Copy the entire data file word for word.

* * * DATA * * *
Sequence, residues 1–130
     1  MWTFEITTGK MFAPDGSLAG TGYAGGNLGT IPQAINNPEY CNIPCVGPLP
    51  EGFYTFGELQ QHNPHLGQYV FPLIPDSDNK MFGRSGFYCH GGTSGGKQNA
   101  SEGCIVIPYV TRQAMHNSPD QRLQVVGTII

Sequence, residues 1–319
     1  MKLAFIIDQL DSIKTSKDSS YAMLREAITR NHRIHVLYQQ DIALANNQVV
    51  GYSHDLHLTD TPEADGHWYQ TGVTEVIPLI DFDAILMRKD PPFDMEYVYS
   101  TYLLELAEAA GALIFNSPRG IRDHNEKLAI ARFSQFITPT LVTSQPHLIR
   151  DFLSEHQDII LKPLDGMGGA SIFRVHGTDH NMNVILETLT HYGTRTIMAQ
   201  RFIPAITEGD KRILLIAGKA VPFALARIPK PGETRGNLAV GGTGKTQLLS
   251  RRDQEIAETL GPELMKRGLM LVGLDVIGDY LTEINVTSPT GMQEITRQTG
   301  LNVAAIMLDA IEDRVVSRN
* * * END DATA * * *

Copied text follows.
Sequence, residues 1–130
     1  MWTFEITTGK MFAPDGSLAG TGYAGGNLGT IPQAINNPEY CNIPCVGPLP
    51  EGFYTFGELQ QHNPHLGQYV FPLIPDSDNK MFGRSGFYCH GGTSGGKQNA
   101  SEGCIVIPYV TRQAMHNSPD QRLQVVGTII

Sequence, residues 1–319
     1  MKLAFIIDQL DSIKTSKDSS YAMLREAITR NHRIHVLYQQ DIALANNQVV
    51  GYSHDLHLTD TPEADGHWYQ TGVTEVIPLI DFDAILMRKD PPFDMEYVYS
   101  TYLLELAEAA GALIFNSPRG IRDHNEKLAI ARFSQFITPT LVTSQPHLIR
   151  DFLSEHQDII LKPLDGMGGA SIFRVHGTDH NMNVILETLT HYGTRTIMAQ
   201  RFIPAITEGD KRILLIAGKA VPFALARIPK PGETRGNLAV GGTGKTQLLS
   251  RRDQEIAETL GPELMKRGLM LVGLDVIGDY LTEINVTSPT GMQEITRQTG
   301  LNVAAIMLDA IEDRVVSRN